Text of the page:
desirable issue by force, the totality of these
variations and their logical connections, their
structure, are named a 'combination.' And he who
follows in his play such a chain of moves is said
to 'make a combination.'"

Com`bi*na"tion (?), n. [LL. combinatio. See Combine.]


The act or process of combining or uniting persons and things.

Making new compounds by new combinations. Boyle.

A solemn combination shall be made Of our dear souls. Shak.


The result of combining or uniting; union of persons or things; esp. a union or alliance of persons or states to effect some purpose; -- usually in a bad sense.

A combination of the most powerful men in Rome who had conspired my ruin. Melmoth.

3. Chem.

The act or process of uniting by chemical affinity, by which substances unite with each other in definite proportions by weight to form distinct compounds.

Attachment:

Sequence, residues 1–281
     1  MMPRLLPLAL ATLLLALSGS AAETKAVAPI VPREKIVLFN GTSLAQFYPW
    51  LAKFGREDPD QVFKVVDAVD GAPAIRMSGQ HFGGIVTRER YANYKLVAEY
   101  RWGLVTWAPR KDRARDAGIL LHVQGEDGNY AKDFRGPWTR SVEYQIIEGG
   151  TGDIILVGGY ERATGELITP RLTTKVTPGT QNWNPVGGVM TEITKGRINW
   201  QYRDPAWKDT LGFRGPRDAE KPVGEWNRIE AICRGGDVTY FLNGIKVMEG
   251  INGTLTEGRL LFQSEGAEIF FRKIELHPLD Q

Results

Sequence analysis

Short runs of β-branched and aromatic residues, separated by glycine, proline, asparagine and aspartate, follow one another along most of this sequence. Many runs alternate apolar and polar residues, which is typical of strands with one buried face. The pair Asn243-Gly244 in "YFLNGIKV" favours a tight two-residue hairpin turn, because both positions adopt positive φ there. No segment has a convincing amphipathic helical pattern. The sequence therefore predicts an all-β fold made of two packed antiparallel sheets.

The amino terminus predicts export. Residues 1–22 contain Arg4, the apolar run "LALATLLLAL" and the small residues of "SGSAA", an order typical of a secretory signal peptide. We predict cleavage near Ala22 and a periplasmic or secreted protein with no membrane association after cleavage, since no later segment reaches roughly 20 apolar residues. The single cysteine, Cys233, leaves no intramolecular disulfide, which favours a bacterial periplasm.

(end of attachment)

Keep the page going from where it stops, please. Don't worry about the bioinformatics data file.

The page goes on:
4. pl. Math.

The different arrangements of a number of objects, as letters, into groups.

⇒ In combinations no regard is paid to the order in which the objects are arranged in each group, while in variations and permutations this order is respected.

Brande & C.

Combination car, a railroad car containing two or more compartments used for different purposes. [U. S.] -- Combination lock, a lock in which the mechanism is controlled by means of a movable dial (sometimes by several dials or rings) inscribed with letters or other characters. The bolt of the lock can not be operated until after the dial has been so turned as to combine the characters in a certain order or succession. -- Combination room, in the University of Cambridge, Eng., a room into which the fellows withdraw after dinner, for wine, dessert, and conversation. -- Combination by volume Chem., the act, process, or ratio by which gaseous elements and compounds unite in definite proportions by volume to form distinct compounds. -- Combination by weight Chem., the act, process, or ratio, in which substances unite in proportions by weight, relatively fixed and exact, to form distinct compounds. See Law of definite proportions, under Definite.

Syn. -- Cabal; alliance; association; league; union; confederacy; coalition; conspiracy. See Cabal.


© Webster 1913.